Wednesday, September 1, 2010

How Do They Know?

I have two beautiful ornamental cherry trees in my yard lining my driveway. Every year they are the first to bloom and the first to drop their leaves at the end of summer.

I have no need to traipse into Washington, D.C. for the annual National Cherry Blossom Festival, I can look outside my window and get the same effect.

It's just barely September and still hot, hot, hot outside. My cherry trees are madly dropping their leaves like it is some kind of race. Now most deciduous trees drop their leaves to prepare for the oncoming winter and preserve the main trunk. Since it is still so stinkin' hot outside, what in the world are these trees preparing for? How do they know winter is coming? If it stayed warm year round, would they bother to shed their leaves?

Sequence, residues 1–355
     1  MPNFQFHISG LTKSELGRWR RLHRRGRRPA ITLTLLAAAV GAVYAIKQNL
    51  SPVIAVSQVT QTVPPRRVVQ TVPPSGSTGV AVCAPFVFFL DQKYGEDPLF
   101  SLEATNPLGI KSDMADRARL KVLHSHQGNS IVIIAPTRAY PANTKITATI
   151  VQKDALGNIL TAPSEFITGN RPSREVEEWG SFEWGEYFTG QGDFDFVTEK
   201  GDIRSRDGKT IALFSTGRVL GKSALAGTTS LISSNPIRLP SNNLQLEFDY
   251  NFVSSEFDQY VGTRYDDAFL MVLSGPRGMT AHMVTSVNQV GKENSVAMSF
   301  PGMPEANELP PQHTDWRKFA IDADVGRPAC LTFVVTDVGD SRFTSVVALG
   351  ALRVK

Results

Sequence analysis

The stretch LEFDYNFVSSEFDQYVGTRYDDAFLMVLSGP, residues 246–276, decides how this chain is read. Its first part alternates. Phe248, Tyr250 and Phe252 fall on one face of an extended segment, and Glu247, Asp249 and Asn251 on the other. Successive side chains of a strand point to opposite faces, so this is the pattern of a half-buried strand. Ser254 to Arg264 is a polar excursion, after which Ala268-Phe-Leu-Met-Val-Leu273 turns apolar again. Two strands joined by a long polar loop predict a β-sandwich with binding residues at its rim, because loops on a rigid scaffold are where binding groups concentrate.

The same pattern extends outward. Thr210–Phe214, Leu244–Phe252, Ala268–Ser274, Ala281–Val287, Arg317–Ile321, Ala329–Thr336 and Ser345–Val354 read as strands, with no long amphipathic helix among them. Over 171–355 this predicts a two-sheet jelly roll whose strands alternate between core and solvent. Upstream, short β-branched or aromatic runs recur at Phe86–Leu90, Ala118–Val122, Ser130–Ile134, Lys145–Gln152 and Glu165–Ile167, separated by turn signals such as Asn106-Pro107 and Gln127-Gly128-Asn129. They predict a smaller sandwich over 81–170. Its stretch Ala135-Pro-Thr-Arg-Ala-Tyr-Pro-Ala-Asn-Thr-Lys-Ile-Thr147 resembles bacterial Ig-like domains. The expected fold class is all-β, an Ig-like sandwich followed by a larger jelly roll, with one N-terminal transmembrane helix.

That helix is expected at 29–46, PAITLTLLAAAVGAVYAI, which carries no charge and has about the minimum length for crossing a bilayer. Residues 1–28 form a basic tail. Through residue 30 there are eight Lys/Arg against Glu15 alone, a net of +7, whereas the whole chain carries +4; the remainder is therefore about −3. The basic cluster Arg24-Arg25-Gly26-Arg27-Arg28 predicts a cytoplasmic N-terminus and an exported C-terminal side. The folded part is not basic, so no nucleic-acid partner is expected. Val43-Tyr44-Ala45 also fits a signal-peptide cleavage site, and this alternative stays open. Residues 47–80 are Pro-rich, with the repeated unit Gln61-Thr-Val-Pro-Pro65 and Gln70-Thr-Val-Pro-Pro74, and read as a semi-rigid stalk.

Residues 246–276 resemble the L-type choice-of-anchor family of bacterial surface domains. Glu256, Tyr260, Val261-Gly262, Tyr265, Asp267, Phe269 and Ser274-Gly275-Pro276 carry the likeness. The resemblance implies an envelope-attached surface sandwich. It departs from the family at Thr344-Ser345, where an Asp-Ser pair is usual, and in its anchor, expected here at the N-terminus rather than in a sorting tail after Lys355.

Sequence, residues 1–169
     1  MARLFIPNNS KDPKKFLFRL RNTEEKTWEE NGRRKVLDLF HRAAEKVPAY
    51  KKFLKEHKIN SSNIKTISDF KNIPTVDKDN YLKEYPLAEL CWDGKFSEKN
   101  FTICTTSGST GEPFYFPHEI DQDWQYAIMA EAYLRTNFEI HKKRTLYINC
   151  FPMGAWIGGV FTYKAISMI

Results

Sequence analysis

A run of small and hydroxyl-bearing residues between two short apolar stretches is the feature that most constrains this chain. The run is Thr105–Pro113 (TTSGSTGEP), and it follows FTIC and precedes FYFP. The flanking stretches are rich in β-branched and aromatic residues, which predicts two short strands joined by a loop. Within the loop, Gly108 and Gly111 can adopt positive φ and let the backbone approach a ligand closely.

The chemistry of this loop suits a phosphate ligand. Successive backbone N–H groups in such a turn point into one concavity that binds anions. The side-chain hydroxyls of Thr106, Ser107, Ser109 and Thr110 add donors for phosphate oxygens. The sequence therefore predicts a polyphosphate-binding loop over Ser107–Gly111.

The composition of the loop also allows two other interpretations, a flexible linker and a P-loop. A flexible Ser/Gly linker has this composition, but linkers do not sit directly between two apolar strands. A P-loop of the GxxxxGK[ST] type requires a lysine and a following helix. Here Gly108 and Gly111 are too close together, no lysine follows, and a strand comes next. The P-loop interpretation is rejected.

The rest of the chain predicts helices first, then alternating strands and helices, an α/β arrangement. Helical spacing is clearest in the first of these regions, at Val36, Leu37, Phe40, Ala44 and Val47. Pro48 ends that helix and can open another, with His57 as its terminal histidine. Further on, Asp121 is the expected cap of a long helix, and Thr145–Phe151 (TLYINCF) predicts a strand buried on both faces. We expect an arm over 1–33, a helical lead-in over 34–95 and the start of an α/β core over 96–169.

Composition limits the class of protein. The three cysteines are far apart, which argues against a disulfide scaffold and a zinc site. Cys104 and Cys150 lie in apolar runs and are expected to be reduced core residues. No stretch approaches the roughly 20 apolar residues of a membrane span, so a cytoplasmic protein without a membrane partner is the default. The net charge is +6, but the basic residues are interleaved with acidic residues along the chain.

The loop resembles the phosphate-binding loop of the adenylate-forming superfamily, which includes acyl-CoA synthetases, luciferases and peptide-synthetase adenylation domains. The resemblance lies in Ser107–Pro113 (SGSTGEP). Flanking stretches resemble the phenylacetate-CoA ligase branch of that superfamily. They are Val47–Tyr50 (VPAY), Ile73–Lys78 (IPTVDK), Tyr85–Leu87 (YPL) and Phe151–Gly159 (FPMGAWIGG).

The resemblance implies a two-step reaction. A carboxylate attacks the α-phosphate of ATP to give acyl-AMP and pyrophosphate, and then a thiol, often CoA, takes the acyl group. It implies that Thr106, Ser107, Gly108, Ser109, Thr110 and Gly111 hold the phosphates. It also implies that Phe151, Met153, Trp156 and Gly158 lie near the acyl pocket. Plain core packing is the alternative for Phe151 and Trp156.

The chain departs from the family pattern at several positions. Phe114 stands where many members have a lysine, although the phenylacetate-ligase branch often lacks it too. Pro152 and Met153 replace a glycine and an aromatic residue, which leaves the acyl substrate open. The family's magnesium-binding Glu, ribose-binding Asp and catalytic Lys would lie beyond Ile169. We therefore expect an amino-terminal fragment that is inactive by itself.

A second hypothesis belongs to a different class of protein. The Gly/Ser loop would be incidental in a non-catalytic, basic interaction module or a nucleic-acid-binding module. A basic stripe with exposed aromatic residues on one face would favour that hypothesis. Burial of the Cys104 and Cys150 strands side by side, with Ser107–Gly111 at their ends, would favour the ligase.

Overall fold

I know we can quickly point to genetics, acclimation, biological clocks, or some such. But really, how does a tree know? If I were to design a tree, how would I go about that? How can I get this much reflection from a three-second glance at my trees as I back out of the driveway?

Sometimes I just sit back and marvel at the wonder of it all.  God saw the world and all the things He had made and it was very good. I'm going to have to agree.


Heather said...

They go by sunlight. As the days gets shorter, the leaves start dropping. Even if you have a very warm winter, the buds won't start coming out until there is enough sunlight.

Learned that in Botany class. =]

Patrick said...

Heather beat me to it! Well done! :)

Nod said...

Makes sense. Thanks Heather!

Still, you have to admit, it's a brilliant design.


Related Posts with Thumbnails